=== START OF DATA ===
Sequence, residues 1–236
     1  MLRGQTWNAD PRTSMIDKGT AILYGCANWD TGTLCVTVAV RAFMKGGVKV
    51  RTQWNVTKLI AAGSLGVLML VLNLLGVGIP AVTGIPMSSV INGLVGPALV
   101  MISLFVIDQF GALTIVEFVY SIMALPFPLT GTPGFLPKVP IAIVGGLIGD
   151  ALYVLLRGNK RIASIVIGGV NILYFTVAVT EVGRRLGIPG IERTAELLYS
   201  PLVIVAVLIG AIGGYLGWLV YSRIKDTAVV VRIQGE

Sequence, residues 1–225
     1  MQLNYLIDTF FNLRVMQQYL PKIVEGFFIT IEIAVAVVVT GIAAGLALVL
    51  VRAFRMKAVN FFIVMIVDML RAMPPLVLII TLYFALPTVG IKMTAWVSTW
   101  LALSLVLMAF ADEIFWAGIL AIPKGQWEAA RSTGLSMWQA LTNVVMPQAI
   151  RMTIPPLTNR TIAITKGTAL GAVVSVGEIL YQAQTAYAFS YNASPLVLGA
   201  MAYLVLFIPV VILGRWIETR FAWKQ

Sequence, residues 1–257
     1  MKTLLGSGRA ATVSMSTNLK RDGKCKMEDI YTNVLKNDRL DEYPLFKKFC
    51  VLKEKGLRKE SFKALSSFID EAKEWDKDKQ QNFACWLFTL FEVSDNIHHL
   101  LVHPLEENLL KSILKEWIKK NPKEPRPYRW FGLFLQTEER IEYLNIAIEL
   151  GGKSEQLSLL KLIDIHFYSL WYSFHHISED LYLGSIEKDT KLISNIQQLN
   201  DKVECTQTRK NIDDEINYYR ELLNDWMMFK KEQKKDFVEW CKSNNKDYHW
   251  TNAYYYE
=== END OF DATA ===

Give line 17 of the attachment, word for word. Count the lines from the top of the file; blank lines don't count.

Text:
   151  GGKSEQLSLL KLIDIHFYSL WYSFHHISED LYLGSIEKDT KLISNIQQLN